Thomson Reuters clients urge more transparency on product price list
Saturday 4 October 2014
Thomson Reuters will raise prices for dozens of data products and services by up to 10 per cent on 1 January 2015. Legacy products and services and contracts agreed at a discount to the current list price are among those affected.
Waters Technology's Inside Market Data, a UK-based website that monitors financial industry data vendors, said some end-users want more transparency around the group’s price list.
In a letter sent recently to clients informing them of the changes, Thomson Reuters said that “where pricing of products and services is currently at a discount to the 2014 list price an increase of up to 10 percent of list price will apply.” Fees for media products will grow by up to four per cent.
Aside from the certain specified products, prices will generally rise by three per cent next year, excepting products sold in Africa which will see increases of five per cent, and in South Africa which will rise by six per cent.
Prices of 30 other products including various versions of Dealing will not rise.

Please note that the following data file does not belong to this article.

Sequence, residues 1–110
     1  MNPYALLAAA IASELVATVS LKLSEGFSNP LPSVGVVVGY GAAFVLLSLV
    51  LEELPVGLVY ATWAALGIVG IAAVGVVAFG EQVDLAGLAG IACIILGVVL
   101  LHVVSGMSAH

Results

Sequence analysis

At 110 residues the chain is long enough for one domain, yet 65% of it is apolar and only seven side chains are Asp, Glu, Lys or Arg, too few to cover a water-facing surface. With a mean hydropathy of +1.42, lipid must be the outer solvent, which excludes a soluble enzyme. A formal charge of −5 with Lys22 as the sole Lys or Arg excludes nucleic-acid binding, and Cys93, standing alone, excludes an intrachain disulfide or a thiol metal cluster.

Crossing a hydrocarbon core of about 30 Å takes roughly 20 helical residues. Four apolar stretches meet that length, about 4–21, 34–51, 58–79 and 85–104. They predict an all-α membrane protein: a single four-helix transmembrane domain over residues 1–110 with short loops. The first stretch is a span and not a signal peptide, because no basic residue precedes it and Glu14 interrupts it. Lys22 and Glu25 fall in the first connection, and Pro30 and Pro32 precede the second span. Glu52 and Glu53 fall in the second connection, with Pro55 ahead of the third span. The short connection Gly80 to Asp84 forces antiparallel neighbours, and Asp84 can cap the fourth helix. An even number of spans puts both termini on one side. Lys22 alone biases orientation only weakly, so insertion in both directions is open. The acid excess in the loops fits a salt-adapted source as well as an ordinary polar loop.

A Thomson Reuters spokesperson said the annual price adjustment was “well understood and anticipated” by customers and part of the company’s “standard operating rhythm”. “It enables us to provide ongoing enhancements to products and services with a modest, predictable price increase.”
A market data manager at one European asset manager said that while data consumers expect these standard increases, they want more transparency in the standard list price for each product, rather than just a blanket percentage increase - in particular when the vendor applies increases to discounted products.
“There is a lot of disgruntlement in the industry because you don’t know what price you’re paying - there are only percentages,” the source said. “If you walk into a hotel and say ‘Please show me your tariff,’ they show you the tariff.”
A data executive at a US asset manager said obtaining a transparent price list was “like pulling teeth,” because each firm negotiated different rates, adding that firms subject to the higher increases were probably tied into products that they would not replace until the vendor retired them.
But the head of market data at a European bank said his firm did not pay too much attention to these standard notifications because it negotiates all prices directly with Thomson Reuters. “I actually expect a cost reduction next year on most services as Thomson Reuters is fighting to keep their footprint on all services, and competitors are more aggressive than ever before,” the bank officer said. ■
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